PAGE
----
FCC Could Move Quickly to Approve C-V2X Waiver Requests
With the comment cycle complete, proponents of a December waiver request seeking permission to start using the 5.9 GHz band for cellular-vehicle-to-everything technology expect a relatively quick order from the FCC. Other requests have followed. But industry observers also note that FCC staff still must wade through all the comments, and the timing of agency decisions on such issues can be difficult to handicap.
“A prompt grant of the C-V2X waivers will advance the Biden administration’s efforts to maximize bipartisan infrastructure law funding, promote American competitiveness in emerging technologies and improve roadway safety,” emailed a lawyer who represents C-V2X stakeholders: “Given the overwhelming record support, all expectations are that the bureaus will grant the C-V2X waivers in the very near future.”
“The FCC is hard to predict, but unless one of the commissioners has opposition, I could see them moving quickly especially to throw a bone to transportation after the 5.9 debacle,” said Jonathan Cannon, R Street fellow-technology and innovation and a former acting adviser to Commissioner Nathan Simington.
Seeking the original waiver Dec. 13 were Audi of America, Ford, Jaguar Land Rover, the transportation departments in Utah and Virginia, Aaeon Technology, Harman International Industries, Panasonic North America and others.
The FCC reallocated the band, which had been set aside for dedicated short-range communications -- a technology that had never really took off -- in the waning days of the Trump administration, overriding Department of Transportation concerns (see 2011180043). The FCC allocated 45 MHz to Wi-Fi and 30 to C-2VX. Chairwoman Jessica Rosenworcel and former Commissioner Mike O’Rielly worked together on the new approach to the band.
In August, the U.S. Court of Appeals for the D.C. Circuit upheld the order, removing a potential point of hesitation for the FCC (see 2208120035). Reply comments on the December waiver request were filed this week, with most supporting approval (see 2208300034).
“Coming off its big court win, the commission still has some items [to complete] to make the applicable portion of the 5.9 GHz band open and operational for unlicensed use,” O’Rielly emailed: “I imagine they would want to tie together these with any waivers sought … by the auto industry players, assuming those are justified.”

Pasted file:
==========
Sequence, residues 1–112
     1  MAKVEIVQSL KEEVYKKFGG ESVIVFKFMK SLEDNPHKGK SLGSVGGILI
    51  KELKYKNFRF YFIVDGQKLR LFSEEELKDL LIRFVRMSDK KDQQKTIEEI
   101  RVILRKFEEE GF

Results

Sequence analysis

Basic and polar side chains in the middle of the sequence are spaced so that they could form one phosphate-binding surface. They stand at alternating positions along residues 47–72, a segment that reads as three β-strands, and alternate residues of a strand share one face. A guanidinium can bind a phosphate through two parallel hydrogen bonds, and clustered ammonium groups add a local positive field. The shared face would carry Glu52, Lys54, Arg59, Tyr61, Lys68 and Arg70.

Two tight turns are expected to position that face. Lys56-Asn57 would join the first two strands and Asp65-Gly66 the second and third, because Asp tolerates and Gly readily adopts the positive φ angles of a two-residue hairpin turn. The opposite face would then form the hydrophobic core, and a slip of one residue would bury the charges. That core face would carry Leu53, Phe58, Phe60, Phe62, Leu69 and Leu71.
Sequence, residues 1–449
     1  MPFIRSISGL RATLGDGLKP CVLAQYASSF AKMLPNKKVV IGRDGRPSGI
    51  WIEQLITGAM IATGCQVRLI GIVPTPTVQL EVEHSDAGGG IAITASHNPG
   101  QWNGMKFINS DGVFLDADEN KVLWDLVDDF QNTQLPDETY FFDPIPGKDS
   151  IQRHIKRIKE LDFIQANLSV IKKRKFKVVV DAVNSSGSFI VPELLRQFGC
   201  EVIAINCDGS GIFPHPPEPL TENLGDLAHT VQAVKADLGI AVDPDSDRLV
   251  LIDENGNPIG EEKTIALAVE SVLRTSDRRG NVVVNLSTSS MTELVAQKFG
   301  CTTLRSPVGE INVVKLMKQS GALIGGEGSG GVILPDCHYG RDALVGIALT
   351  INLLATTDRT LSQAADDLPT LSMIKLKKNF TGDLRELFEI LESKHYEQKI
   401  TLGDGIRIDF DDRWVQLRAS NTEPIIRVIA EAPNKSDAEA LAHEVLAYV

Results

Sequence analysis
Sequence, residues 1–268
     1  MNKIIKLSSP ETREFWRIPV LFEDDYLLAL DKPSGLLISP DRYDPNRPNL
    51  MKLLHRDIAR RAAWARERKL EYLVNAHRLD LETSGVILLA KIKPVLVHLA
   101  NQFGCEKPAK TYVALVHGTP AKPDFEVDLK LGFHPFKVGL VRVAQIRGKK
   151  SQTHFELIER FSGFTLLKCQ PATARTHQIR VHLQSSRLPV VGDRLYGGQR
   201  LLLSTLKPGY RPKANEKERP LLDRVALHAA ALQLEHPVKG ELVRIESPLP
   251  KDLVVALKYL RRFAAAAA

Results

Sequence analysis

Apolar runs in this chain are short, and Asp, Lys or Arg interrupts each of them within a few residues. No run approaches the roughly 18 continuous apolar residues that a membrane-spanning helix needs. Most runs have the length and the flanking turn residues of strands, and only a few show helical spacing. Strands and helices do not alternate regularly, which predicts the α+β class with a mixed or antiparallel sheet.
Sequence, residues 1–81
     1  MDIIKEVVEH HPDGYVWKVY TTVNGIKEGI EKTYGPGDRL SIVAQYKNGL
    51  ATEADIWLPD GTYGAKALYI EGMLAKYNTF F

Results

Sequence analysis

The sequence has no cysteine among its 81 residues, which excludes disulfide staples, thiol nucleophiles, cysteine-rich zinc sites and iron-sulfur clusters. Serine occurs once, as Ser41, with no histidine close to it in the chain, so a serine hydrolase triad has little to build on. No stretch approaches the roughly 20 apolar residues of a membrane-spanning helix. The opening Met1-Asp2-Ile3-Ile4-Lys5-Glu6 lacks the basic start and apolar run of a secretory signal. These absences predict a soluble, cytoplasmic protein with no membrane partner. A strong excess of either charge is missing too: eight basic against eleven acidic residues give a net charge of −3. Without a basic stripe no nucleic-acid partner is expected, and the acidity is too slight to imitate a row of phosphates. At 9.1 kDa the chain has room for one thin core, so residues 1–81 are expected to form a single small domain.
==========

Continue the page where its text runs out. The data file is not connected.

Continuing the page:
“The commission was pretty sure it would win the D.C. Circuit case, so hopefully they've been working through the comments and can move quickly,” said ITIF Broadband and Spectrum Policy Director Joe Kane. “It’s also an opportunity for the FCC to show that the 5.9 GHz order hasn't stymied the progress of intelligent transportation systems just because it didn't allow DSRC systems to have the whole band,” he said.
American Action Forum Technology and Innovation Policy Director Jeffrey Westling said he expects a quick decision. “The record shows some widespread support for granting the requests, and considering the negative narratives that built during the challenge regarding the FCC's consideration of vehicle safety, it seems like an easy win for the commission to help promote vehicle safety in the 30 MHz allocated to C-V2X,” he said: “Considering that quick approval will also allow further innovation and deployment to happen immediately, there really isn't a reason to postpone the approvals if all the parties can comply with the waiver request."
“Since the comments are in and the issue lies with putting up transceivers for vehicles before full testing … and it’s only in select locations,” the FCC will likely approve waivers or grants of special temporary authority “while testing is done,” emailed Richard Bernhardt, Wireless ISP Association national spectrum adviser.
The Institute of Transportation Engineers (ITE) was the latest group to support granting waivers, in a filing posted Thursday in docket 19-138. “ITE Supports the quick deployment of C-V2X technologies, in advance of the adoption of final C-V2X operating rules, which will accelerate the advancement of these life-saving systems toward a quicker realization of the crash-prevention benefits,” the filing said: “As other commenters have noted, at this time we as an industry are not aware that the proposed uses would cause interference outside of the bands for the proposed use or cause other interference with any other vehicle operations.”